How do doctors diagnose Down syndrome?
Three types of tests check for Down syndrome during a woman’s pregnancy: screening and diagnostic tests. Screening tests identify a mother who is likely carrying a baby with Down syndrome. The most common screening tests are the Triple Screen and the Alpha-Fetoprotein Plus. These tests measure levels of certain substances in the blood.
Alternatively, ultrasounds (which use sound waves to look inside the mother’s uterus) allow the doctor to examine the fetus in the womb for the physical signs of Down syndrome. To confirm a positive result identified in a screening test, one of the following diagnostic tests can be performed: chronic villus sampling (CVS), amniocentesis. Each takes a sample from the placenta, amniotic fluid, or umbilical cord, respectively, to examine the baby’s chromosomes and determine if he or she has an extra chromosome 21.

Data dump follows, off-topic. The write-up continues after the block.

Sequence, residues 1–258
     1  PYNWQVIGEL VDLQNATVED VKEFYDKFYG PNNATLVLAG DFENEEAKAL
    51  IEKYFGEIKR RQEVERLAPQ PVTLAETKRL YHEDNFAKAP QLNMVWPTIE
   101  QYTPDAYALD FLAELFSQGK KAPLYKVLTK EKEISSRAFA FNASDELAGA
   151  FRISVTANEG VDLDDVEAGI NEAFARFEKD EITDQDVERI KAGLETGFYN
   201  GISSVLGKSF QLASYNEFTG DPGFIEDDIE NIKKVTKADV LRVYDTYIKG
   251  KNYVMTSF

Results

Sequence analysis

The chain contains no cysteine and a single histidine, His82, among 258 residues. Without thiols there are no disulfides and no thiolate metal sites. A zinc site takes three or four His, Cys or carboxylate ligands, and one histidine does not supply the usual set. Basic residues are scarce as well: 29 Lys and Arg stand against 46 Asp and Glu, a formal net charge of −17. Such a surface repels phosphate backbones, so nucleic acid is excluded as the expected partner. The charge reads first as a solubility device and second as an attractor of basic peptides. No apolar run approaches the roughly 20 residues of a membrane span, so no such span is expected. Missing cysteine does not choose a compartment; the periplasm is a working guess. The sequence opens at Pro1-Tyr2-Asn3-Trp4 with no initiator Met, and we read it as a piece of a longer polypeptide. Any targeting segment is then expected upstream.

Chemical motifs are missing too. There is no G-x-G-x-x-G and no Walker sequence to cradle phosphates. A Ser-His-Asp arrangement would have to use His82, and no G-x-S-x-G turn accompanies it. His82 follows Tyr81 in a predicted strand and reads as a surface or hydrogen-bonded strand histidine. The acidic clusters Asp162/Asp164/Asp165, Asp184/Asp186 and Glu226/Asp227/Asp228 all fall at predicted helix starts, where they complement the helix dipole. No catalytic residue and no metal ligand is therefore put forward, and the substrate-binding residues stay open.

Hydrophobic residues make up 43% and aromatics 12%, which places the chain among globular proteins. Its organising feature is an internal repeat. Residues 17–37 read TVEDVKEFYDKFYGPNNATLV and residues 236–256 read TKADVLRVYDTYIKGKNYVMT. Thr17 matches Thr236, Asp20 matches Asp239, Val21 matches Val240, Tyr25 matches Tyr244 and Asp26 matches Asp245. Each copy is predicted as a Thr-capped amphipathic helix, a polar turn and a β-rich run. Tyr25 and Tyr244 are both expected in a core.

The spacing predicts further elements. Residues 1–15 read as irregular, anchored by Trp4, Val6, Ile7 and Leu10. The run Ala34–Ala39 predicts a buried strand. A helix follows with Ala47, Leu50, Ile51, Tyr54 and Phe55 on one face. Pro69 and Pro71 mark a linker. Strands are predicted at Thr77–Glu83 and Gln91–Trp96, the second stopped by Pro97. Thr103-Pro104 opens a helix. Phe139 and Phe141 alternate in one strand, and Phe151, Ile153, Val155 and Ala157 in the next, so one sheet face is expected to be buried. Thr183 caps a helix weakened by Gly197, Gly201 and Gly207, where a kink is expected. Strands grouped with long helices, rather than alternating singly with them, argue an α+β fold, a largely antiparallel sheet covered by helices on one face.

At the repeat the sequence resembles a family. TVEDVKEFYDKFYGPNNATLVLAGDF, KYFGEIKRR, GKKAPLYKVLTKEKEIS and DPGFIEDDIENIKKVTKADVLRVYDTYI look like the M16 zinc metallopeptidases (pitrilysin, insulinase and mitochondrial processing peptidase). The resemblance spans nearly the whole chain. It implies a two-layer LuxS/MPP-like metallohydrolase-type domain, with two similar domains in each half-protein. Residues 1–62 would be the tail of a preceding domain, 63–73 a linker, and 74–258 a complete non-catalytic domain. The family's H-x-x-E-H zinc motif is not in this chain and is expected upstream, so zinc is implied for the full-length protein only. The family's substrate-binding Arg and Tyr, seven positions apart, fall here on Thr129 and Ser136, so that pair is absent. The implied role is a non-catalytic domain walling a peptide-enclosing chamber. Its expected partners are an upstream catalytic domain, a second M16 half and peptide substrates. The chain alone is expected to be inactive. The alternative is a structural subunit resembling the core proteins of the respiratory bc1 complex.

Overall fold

If Down syndrome is not diagnosed in the womb, doctors can usually recognize it after the baby is born by the distinctive facial features. The diagnosis is confirmed with a karyotype – an examination of the baby’s chromosomes.
Amniocentesis, chronic villus and ultrasound are the three primary procedures for diagnostic testing, which can identify certain abnormalities in the fetus.